• Creates common agreement about issues
  • National mission and the American character
revolutionary age of reason
Revolutionary/Age of Reason

Historical Context

  • Tells readers how to interpret what they are reading to encourage Revolutionary War support
  • Instructive in values

Examples

  • Writings of Jefferson, Paine, and Henry
  • Franklin’s Poor Richard’s Almanac
  • Franklin’s “The Autobiography.
romanticism 1800 1860
Romanticism (1800-1860)

Genre/Style

  • Character sketches
  • Slave narrative
  • Poetry
  • Short Stories

Effect/Aspects

  • Value feeling and intuition over reason
  • Journey away from corruption of civilization and limits of rational thought toward the integrity of nature and freedom of imagination
  • Helped instill proper gender behavior for men and women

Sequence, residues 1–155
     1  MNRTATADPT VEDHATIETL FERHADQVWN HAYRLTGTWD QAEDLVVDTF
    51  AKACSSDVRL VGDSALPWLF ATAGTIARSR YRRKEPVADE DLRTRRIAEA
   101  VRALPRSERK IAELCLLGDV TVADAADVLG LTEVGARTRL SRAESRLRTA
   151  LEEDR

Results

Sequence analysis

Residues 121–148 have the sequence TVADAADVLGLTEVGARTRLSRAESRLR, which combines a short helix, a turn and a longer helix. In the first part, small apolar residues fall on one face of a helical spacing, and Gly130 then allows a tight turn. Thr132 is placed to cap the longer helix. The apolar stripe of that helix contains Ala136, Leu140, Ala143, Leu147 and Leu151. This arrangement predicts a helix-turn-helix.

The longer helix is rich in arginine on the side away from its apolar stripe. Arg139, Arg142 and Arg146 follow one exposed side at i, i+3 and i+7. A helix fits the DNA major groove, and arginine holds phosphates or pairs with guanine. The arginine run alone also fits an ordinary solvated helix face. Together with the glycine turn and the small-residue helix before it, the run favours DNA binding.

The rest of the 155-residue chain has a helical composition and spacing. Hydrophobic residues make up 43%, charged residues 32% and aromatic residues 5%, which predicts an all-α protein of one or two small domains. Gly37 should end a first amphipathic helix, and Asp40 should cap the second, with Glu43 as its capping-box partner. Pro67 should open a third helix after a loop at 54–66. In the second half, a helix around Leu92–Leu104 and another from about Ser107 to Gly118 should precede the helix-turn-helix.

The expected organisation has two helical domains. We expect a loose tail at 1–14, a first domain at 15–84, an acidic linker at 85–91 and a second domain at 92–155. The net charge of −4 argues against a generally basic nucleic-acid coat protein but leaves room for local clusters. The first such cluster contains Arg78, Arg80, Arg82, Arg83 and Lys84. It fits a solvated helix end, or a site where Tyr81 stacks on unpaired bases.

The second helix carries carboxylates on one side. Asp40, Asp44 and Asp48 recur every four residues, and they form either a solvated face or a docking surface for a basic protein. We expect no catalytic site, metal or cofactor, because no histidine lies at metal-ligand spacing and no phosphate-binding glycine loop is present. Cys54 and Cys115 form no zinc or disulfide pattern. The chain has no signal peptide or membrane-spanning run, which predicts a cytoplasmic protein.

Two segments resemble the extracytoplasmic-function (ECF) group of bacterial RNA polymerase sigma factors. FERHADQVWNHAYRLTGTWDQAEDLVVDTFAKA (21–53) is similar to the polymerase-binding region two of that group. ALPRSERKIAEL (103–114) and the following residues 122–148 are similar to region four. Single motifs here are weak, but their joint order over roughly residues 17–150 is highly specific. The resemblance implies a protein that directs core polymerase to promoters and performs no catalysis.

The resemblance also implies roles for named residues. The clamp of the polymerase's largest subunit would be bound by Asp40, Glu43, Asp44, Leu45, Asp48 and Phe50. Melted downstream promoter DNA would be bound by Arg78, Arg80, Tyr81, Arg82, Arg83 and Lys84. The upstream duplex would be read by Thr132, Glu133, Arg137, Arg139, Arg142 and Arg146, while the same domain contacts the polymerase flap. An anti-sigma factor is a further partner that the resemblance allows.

romanticism
Romanticism

Historical Context

  • Expansion of magazines, newspapers, and book publishing
  • Slavery debates
  • Industrial revolution brings ideas that the “old way of doing things are now irrelevant.

Examples

  • Washington Irving’s “Rip Van Winkle”
  • Poems of Emily Dickinson
  • Poems of Walt Whitman
american renaissance transcendentalism
American Renaissance/ Transcendentalism

Genre/Style

  • Poetry
  • Short Stories
  • Novels
  • Hold readers’ attention through dread of a series of terrible possibilities

Effects/Aspects

  • True reality is spiritual
  • Comes from 18th century philosopher Immanuel Kant
  • Idealists
  • Self-reliance and individualism
american renaissance transcendentalist
American Renaissance/Transcendentalist

Historical context

  • Portrayals of alluring antagonists whose evil characteristics appeal to sense of awe
  • Stories of persecuted young girl forced apart from her true love